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A. The IS Audit Team audited project management controls over the implementation of the SAP ECC 6.00 Version (ERP) Business Solution. Our purpose was to evaluate Security Controls, User authentication and authorization, Audit Trails, Assess and Evaluate Management System relating to change, System monitoring and business process configuration of the SAP ECC 6.00 Version (ERP) Business Solution.
ABM Group has been using Information Technology as a key enabler for facilitating business process Owners and enhancing services to its customers. The senior management of ABM has been very proactive in directing the management and deployment of Information Technology. Most of the mission critical applications in the company have been computerized and networked. ABM selected SAP Business Suite to bring a more integrated and seamless approach to internal processes. SAP deployment in ABM posed unique challenges arising out of the need to integrate multiple units across different locations, involving extensive procedures and large volumes of data. The family of business applications provides better insight into enterprise-wide analysis based on real time data and key performance indicators, improved quality and on-time delivery, reduction in inventory cost and enhanced customer service. This implementation has empowered ABM to seamlessly connect all its vendors, customers and partners to achieve improved business efficiency. SAP-R3 ECC 6.00 Version is deployed across all of ABM’s financial, payroll and human capital functions. The Modules implemented are PP, MM, FICO, Quality, PM and HR including Pay Roll. ABM has more than 500 sap users across the company. By implementing SAP solutions ABM has achieved superior operational excellence and business agility.
Business Model is:
BUSINESS: EQUIPMENT MANUFACTURING FOR THE USE IN
Mining & Construction;
Rail & Metro.
International Business Division
Production Division has 4 Manufacturing Location
Location 1 Location 2 Location 3 Location 4
Each Location has two manufacturing unit
Mfg. 1 Mfg. 2 Mfg.3 Mfg.4 Mfg.5 Mfg. 6 Mfg. 7 Mfg. 8
There are 500 SAP users in all.
The proposed scope of review and the terms of reference as laid down in the following paragraphs are given in annexure. These terms of reference are based on the preliminary discussion the assignment team had with the ABM team and is subject to further modification as required. Broadly the scope of review primarily from security\controls and would involve:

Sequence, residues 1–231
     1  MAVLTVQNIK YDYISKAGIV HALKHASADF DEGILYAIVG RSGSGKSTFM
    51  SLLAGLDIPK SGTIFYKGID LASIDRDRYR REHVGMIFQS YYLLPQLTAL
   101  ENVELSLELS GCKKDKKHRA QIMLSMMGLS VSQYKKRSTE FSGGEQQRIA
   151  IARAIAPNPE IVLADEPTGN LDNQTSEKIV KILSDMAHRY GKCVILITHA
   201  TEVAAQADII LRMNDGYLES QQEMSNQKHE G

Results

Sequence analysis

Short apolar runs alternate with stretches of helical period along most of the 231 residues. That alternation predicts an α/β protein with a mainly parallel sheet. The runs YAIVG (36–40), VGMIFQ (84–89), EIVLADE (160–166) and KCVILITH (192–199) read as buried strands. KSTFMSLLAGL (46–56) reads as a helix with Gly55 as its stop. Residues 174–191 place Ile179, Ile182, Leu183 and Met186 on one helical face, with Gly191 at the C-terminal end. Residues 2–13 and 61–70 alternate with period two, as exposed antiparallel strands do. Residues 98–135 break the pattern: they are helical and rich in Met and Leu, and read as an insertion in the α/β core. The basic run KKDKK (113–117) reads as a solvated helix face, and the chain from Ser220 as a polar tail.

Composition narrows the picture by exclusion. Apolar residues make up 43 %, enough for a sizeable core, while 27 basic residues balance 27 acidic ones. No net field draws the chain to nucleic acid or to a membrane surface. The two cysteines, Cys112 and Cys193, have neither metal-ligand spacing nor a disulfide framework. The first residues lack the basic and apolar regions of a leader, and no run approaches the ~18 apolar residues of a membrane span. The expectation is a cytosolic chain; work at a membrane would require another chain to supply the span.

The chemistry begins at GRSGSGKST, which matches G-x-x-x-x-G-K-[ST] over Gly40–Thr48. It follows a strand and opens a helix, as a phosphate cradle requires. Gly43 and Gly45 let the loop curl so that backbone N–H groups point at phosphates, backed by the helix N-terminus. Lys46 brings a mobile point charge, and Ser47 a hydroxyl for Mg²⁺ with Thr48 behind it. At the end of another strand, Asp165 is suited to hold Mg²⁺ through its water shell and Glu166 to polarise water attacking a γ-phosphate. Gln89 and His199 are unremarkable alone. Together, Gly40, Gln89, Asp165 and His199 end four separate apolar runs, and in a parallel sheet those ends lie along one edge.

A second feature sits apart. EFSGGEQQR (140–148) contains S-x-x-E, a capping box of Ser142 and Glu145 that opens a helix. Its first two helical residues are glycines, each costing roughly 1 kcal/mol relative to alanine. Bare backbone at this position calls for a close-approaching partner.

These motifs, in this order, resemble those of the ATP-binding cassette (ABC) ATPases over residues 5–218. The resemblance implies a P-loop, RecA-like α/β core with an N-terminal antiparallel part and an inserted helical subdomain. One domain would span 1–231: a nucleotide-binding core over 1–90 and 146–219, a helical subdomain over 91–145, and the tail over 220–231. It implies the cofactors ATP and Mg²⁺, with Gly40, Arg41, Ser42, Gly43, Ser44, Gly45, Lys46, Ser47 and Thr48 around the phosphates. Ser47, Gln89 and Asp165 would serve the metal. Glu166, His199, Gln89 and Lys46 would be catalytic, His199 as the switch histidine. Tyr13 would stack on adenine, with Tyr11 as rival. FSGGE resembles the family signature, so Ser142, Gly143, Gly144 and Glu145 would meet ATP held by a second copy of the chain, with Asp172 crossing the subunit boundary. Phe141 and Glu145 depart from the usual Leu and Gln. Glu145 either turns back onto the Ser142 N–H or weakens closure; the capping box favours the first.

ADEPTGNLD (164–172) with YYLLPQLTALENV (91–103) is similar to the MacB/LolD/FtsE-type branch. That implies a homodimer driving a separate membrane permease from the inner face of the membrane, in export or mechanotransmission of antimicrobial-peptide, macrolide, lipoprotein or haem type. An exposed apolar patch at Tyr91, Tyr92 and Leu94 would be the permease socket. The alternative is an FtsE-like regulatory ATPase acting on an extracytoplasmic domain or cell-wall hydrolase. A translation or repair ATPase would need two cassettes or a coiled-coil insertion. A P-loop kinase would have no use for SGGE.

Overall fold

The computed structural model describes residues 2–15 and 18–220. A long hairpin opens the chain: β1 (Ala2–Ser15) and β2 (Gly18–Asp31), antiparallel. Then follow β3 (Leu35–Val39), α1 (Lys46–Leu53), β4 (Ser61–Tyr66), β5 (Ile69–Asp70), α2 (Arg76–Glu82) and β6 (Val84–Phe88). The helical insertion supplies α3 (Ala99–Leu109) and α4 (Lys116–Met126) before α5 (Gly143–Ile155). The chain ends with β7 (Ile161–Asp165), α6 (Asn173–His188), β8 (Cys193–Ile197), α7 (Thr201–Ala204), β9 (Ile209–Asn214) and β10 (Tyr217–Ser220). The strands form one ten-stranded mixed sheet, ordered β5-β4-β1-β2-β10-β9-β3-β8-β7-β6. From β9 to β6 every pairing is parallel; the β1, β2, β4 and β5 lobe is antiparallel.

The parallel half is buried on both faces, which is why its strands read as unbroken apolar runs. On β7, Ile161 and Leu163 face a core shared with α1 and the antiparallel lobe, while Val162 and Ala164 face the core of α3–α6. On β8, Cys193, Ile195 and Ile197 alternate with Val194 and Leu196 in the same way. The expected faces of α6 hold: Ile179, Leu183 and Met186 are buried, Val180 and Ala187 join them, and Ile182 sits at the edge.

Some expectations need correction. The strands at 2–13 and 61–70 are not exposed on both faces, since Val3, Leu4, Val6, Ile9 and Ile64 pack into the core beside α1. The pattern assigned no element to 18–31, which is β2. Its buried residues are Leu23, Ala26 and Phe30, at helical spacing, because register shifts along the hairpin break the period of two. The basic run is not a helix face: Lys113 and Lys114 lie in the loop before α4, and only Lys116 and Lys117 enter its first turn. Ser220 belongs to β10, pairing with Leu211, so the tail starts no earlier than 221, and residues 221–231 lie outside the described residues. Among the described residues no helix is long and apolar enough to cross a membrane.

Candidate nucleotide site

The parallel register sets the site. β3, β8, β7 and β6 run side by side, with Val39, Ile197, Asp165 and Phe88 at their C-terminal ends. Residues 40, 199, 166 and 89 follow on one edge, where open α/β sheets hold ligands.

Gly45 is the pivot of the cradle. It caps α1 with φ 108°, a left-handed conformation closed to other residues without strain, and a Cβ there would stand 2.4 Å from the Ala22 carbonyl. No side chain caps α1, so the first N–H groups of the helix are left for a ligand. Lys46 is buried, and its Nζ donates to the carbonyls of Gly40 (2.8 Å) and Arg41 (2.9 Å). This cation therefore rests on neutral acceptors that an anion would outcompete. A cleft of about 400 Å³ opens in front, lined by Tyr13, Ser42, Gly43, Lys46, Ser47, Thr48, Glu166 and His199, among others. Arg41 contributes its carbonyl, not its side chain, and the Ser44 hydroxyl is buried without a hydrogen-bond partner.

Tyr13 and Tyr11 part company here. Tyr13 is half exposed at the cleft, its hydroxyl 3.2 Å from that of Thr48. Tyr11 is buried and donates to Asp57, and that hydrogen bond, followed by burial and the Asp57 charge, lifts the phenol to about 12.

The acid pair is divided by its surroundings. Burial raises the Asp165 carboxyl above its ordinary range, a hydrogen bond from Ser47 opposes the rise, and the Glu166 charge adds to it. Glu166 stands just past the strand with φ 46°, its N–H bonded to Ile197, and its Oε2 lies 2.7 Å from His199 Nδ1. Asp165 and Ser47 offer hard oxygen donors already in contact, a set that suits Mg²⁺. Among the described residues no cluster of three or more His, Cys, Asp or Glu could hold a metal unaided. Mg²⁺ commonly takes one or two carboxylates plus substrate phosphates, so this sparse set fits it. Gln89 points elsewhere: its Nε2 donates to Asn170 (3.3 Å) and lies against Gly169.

Opening Meeting of IS Audit
formation System Audit Process
Reviewing the documents
Interviewing the Key Personnel
Testing of IS Controls
Documentation observations and Findings
Audit Report- Preparation & Distribution
Follow up Activities
Following things are Reviewed:
Policies – Are the management guidelines which should be approved by the Top Management and should be reviewed atleast once in each year?
Procedure – Are the detailed documents based on the policies set by the top management? Procedures contain the detailed information about the process. All the procedure should be approved by the management and should be reviewed at least once in each year.
Flowcharts – Pictures are worth thousand words when it comes to understanding the interaction of various processes and how the transaction flow has the dependencies and branches that run in various directions.
Audit logs and Screenshots – Every organization implements the monitoring control over the processes and the preserves the evidences of the same, in the form of system screenshots and system logs. This gives an added confidence to the Information System Auditor about the monitoring control established by the management..
(1) *Security audit log should be properly configured.* It is configured using transaction code *SM19*. Certain parameters need to be enabled during configuration of audit logs.
The parameters are:
* *rsau/enable* – The value should be set to 1.
* *rsau/max_disk space/per_day* or *rsau/max_disk space/per_file* –
Either of the two can be set
* *rsau/selection_slots* – This is used for deciding the number of filters based on the various types of logs needed (like a filter for logs related to RFC function calls, filter for logs related to transaction and reports executed by users etc.)
The logs which get generated can be seen using tcode *SM20*. SM20 giveslogs based on the filter which has been set ( like what transaction or report was executed by what user at what time etc.) It also gives a very important information – i.e. from what terminal the transactions were executed.
The old logs can be deleted using tcode *SM18*. This access should be restricted to Basis team only.
(2) *Maintaining User Groups* : It is a Best Practice to maintain User groups. User groups can be created using transaction code SUGR and can be assigned to users. User groups are very helpful as they help in identifying whether the user is a business user or an IT user or System user etc. To some extent this helps in identifying the responsibilities that a user is supposed to have.
Some of the user groups can be as follows (name can be used as per convenience):